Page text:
Kelly Jackson Higgins, Senior Editor of Dark Reading wrote on how cyberwarfare has evolved into a growing underground market. According to experts, international cyber-spying is considered as the biggest threat for 2008 with the malware economy mimicking legitimate software markets. Malware suppliers are reportedly offering tools that make it easy for criminals with little technical know-how to commit their crimes, and many now advertise their 'products,' and offer support services as a value-add. These, as well as cyber-spying trends, are among the many findings of McAfee's annual Virtual Criminology Report released on 29 November 2007. The report was based on input from more than a dozen
security experts from NATO, the FBI, SOCA, The London School of Economics, and the International Institute for Counter-Terrorism.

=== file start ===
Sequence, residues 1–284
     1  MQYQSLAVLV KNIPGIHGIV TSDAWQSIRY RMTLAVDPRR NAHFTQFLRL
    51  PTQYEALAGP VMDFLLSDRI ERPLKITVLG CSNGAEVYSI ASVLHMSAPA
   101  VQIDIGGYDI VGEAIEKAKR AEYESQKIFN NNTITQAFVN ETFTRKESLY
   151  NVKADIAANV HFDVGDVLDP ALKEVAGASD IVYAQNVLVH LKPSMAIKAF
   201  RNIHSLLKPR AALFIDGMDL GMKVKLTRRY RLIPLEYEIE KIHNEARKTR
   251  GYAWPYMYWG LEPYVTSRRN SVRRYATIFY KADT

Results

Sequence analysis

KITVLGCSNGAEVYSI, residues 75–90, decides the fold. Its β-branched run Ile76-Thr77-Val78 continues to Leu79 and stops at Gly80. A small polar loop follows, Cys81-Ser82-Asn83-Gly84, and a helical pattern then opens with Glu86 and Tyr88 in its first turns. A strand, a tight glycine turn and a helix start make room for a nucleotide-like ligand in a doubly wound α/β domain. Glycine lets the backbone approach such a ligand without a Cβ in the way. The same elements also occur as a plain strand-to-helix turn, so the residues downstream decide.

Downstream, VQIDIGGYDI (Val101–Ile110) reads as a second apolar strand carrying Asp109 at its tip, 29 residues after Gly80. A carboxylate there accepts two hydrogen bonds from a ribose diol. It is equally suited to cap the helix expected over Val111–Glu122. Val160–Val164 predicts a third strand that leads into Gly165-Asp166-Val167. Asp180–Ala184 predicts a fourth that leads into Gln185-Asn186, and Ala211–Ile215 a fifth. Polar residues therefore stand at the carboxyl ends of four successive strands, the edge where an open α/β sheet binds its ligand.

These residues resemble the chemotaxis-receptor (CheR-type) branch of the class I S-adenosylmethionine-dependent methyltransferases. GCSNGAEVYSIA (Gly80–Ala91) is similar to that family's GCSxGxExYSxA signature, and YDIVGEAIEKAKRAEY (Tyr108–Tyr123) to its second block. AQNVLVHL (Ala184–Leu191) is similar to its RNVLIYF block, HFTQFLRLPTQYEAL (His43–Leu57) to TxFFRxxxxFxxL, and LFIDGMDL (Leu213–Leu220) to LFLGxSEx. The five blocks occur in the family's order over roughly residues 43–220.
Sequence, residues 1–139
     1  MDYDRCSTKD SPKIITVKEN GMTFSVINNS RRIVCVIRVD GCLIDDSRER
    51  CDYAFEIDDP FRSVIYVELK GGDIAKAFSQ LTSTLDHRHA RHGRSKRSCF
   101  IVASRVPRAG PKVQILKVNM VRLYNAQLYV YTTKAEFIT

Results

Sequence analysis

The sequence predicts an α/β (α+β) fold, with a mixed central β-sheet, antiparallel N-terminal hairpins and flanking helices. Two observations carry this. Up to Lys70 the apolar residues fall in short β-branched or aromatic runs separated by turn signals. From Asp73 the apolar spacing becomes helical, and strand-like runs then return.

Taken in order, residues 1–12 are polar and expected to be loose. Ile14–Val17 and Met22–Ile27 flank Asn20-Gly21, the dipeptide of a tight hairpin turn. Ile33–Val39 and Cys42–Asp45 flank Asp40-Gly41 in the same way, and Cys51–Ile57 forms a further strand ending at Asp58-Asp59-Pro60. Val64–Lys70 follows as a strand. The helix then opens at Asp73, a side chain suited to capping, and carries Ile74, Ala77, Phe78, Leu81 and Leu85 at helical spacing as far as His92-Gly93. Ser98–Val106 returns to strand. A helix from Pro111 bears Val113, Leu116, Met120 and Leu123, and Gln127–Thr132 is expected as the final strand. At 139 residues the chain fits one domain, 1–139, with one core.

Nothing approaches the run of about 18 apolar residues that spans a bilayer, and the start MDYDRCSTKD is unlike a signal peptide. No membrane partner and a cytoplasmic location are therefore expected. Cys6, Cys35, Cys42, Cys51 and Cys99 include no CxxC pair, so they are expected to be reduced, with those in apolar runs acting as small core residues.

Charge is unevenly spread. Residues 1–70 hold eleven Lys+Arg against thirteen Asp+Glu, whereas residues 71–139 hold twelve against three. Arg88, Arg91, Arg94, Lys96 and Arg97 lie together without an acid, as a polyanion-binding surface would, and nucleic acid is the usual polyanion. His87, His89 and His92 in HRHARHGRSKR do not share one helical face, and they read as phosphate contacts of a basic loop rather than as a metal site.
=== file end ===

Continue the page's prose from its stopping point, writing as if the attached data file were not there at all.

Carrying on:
"What struck me through most of this report is the threat is more evolutionary than revolutionary -- things we've talked about as potentially developing are now status quo," says David Marcus, senior research and communications manager for McAfee. "That's the disturbing part. Cyberwarfare, or state-sponsored malware, is business as usual." According to the report, what further concerns governments is that this malware, as well as the burgeoning market for zero-day exploits, sold in the black market can also be used for targeting government, banks or other sensitive infrastructures, such as the power grid.
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